In the Shepherd of Hermas, Mandate 11, two types of spirits are described as potential visitors among Christians who have gathered for the purpose of communicating with the spirit world. These spirits are the divine spirits of God (11.5) and the spirits of the earth who belong to the devil. This gathering resembles a prayer meeting in which a medium is present and who serves as the instrument through which a spirit addresses the congregation: “When the man who has the divine spirit enters among righteous persons who have faith in a divine spirit, and prayers are made to God by those gathered, then the angel of the prophetic spirit comes upon him and fills the man, and the man, being filled with the holy spirit, speaks just as the Lord wills” (11.9). Such activity is not unlike what Paul describes in 1 Cor 14:26: “When you come together, each has a psalm, a teaching, a revelation, a tongue, and a translation of the tongue.” All five of these activities are performed in the context of a gathered assembly who communicates with spirits; the spirits sing, teach, reveal, speak a foreign language, and translate that language through Christian mediums for the “building up of the church.”
In Mandate 11.16, both true and false prophets speak while pneumatophoron, “moved by a spirit.” This is the same term used by the opponents of Montanism, a second-century Christian prophetic movement. Whereas Montanus and his followers believed that a holy spirit “moved” him to speak, the catholic church of the time charged him as being “moved” by an evil spirit; the phenomenon of spirit possession is at the root of both sides–on the one hand, the possessing spirit is a holy spirit, the Montanist side; on the other hand, the possessing spirit is a demon, the catholic side.
In the Montanist controversy, discernment of spirits was seen as an effective way to unmask the true identity of the spirits speaking through Montanus and his prophetesses. The third to fourth century church historian Eusebius records that two catholic bishops, Zoticus of Cumana and Julian of Apamea, attempt to converse with a spirit that speaks through the Montanist prophetess Maximilla: they “tried to refute the spirit that was in Maximilla,” and they were “present for the purpose of testing and conversing with the spirit as it spoke.” Their purpose in conversing with the spirit as it spoke is given by Eusebius: the two bishops were attempting “to silence the lying spirit which was leading the people astray” (Eccl. Hist. 5.16.16-17). The spirits who moved among the Montanists were demonized by their opponents. Thus, Eusebius records that the Montanists “welcomed a spirit that injured and deluded the mind and led the people astray;” and that Montanus was “a demoniac in the grip of a spirit of error.” The obvious reason for the opposition against the Montanists by the catholic church was that of the reputation of Montanist communications with the spirit world, as Eusebius records: “They were taught by this arrogant spirit to denigrate the entire Catholic Church throughout the world, because the spirit of false prophecy received neither honor nor admission into it.” The Montanists were also accused of the neglect of careful discernment: “The spirit bestowed favors on those who were elated and exultant about him, swelling their heads with his extravagant promises. Sometimes it reproved them pointedly and convincingly to their faces, to avoid appearing uncritical–though few of the Phrygians [i.e. Montanists] were deceived.” Despite this lambasting of Montanism, the prophetic activity recorded here by Eusebius is identical to that which Paul records in 1 Cor 12 and 14: spirits communicated with Christians through mediums.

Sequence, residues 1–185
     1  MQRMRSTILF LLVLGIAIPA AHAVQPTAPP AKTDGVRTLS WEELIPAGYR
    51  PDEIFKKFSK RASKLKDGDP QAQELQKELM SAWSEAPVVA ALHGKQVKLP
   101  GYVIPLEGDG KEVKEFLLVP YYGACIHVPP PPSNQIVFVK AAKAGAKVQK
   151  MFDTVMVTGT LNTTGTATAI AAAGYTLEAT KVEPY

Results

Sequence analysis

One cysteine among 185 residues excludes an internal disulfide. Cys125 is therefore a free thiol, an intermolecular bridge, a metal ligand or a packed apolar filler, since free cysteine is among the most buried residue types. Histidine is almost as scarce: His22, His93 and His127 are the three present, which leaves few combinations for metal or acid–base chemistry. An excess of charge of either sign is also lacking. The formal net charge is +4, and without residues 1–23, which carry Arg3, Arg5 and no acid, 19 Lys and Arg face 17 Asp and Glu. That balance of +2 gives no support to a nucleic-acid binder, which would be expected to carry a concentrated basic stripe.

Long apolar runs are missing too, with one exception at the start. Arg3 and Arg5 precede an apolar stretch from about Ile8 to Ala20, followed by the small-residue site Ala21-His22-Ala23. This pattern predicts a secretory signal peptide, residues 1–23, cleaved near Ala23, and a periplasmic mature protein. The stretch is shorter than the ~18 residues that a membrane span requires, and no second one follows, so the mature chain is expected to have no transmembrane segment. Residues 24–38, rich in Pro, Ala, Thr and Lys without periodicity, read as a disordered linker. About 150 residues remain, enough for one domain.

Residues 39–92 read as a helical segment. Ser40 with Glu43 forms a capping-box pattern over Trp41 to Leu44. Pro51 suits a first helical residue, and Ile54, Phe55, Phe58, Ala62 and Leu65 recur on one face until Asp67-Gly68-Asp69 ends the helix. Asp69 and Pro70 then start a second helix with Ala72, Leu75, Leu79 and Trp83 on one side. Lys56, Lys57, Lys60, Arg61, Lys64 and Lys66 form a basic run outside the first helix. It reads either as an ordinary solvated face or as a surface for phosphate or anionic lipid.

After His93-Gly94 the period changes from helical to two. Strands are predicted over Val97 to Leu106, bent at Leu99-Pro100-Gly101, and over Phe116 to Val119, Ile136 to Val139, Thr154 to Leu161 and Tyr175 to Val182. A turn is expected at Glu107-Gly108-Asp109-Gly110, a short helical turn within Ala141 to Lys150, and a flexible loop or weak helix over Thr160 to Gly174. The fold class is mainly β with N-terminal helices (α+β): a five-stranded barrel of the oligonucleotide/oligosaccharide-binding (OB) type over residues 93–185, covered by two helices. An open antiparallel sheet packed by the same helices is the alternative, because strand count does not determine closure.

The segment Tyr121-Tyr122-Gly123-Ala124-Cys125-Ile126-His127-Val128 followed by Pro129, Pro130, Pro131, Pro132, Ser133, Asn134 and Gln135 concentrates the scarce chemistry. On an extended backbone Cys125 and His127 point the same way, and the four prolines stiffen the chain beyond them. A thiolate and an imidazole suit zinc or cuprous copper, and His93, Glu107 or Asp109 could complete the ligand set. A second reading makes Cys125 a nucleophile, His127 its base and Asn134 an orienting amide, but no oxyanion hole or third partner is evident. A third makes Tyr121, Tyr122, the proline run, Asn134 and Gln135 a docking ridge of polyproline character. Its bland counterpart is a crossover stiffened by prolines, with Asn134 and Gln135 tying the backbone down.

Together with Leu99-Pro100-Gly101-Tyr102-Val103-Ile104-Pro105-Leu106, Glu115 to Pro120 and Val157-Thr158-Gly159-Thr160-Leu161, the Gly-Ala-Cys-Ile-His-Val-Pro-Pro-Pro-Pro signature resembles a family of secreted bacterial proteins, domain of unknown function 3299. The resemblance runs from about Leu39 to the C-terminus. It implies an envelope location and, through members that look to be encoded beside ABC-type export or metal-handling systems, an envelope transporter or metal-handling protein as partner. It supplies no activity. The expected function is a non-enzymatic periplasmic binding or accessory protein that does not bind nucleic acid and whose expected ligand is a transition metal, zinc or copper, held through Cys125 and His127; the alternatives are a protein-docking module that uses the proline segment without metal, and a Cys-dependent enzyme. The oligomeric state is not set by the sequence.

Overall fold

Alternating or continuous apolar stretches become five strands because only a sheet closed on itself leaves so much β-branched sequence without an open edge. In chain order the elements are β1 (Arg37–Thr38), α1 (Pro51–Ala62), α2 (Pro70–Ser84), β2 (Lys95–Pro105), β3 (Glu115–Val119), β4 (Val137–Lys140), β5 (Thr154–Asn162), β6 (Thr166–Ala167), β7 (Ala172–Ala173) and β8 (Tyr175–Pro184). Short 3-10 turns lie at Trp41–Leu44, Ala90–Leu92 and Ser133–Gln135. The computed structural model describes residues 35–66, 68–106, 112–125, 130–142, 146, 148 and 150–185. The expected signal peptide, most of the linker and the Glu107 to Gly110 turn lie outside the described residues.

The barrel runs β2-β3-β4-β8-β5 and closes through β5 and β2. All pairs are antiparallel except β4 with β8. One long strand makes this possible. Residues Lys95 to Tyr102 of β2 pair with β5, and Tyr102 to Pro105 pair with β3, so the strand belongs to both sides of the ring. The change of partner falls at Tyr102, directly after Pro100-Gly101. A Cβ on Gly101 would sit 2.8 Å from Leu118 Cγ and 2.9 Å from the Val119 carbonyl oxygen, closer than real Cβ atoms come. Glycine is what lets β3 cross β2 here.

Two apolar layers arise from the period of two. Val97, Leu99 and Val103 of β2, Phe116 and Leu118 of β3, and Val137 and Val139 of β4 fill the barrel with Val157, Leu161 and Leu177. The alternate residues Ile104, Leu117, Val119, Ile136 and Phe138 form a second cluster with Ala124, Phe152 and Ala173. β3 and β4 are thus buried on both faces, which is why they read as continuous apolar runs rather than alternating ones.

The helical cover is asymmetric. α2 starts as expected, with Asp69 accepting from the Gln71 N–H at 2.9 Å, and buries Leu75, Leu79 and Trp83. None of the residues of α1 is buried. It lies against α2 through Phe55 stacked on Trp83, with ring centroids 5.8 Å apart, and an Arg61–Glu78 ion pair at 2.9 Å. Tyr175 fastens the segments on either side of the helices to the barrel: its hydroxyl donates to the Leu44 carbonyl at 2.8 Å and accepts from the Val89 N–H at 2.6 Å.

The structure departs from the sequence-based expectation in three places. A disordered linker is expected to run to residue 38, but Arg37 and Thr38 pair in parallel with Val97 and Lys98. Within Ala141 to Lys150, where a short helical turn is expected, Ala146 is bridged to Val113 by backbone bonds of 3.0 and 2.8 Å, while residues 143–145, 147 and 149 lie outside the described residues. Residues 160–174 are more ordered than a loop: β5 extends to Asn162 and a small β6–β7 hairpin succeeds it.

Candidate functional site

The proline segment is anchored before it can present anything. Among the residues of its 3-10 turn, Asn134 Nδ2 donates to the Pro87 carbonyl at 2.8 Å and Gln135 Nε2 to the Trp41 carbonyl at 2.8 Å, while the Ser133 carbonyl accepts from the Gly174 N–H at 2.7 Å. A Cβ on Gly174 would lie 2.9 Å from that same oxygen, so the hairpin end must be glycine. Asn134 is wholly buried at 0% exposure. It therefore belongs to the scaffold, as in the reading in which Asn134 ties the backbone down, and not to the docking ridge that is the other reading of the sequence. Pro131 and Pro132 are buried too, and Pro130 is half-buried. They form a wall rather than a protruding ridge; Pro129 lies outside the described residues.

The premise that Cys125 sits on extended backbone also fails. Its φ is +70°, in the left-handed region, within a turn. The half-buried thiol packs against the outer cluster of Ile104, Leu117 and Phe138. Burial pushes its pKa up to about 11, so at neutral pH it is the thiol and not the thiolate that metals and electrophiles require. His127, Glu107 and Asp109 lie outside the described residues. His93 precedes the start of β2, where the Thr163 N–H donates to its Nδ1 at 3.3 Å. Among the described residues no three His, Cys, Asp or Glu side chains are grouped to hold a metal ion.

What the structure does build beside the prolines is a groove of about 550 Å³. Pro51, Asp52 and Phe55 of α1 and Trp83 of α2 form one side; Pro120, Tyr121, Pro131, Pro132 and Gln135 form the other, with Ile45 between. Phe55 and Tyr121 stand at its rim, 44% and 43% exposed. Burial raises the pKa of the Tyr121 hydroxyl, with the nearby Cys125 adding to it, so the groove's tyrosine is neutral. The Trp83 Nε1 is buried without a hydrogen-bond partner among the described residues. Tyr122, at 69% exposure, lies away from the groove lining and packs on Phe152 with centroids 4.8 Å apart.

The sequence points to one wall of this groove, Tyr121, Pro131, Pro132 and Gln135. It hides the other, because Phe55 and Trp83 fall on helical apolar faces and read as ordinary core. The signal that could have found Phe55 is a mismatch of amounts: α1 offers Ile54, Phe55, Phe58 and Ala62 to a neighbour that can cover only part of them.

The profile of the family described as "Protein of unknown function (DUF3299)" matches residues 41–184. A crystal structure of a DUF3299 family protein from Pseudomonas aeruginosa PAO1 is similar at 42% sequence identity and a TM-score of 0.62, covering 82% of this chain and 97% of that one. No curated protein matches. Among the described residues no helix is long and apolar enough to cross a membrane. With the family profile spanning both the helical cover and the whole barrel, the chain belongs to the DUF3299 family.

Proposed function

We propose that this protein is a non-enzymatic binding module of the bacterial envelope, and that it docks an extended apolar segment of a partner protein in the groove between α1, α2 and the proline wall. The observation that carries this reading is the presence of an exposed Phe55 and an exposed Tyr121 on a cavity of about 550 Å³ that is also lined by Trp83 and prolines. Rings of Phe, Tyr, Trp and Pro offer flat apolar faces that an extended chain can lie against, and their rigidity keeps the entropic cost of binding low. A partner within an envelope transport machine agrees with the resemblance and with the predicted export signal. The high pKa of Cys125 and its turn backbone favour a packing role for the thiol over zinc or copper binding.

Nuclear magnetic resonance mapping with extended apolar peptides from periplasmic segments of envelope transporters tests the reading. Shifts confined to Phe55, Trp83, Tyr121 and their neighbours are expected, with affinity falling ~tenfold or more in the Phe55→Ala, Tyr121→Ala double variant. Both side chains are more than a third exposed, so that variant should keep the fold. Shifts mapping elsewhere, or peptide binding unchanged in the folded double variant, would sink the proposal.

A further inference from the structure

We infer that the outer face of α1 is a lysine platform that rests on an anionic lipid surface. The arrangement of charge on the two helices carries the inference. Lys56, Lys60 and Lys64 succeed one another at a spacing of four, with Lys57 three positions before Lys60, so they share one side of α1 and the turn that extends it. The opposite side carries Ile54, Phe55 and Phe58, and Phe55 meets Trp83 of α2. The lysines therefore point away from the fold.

IV. The Spirit World: The Problem of Ambiguity
Whether a spirit was a truthful spirit sent by God or a deceptive spirit sent by the devil was sometimes a matter of perception, for both types of spirits communicated identically through a medium and an evil spirit might have had the ability to imitate the presence of a good spirit. To make matters more complicated, Christians believed and taught that even deceptive spirits might speak some truth. In 2 Cor 11:4 Paul warns of “a different spirit” that might impart “a different gospel”; in 2 Thess 2:2 the Thessalonians are warned of “a spirit allegedly from us”; Hermas, Mand. 11.3 states, “But he [the false prophet] also speaks some true words for the devil fills him with his spirit”; Clement, The Stromata 1.17, “But among the lies, the false prophets also told some true things . . . they prophesied ‘in an ecstasy’ as the servants of the apostate”; Cyprian, Treatise 6.7, wrote, “. . . these spirits . . . are always mixing up falsehood with truth”; and Tertullian, Apol. 47, explained, “Everything opposed to the truth has been got up from the truth itself, the spirits of error carrying on this system of opposition.” Hence the institution of “discerning” or “testing the spirits” was a Christian innovation that implies two realities: (1) the knowledge of the ambiguity involved in communicating specifically with the spirit world; and (2) the attempts to circumvent this ambiguity by recognizing the “Christian” nature of the spirits by their utterances and behavior through a prophet.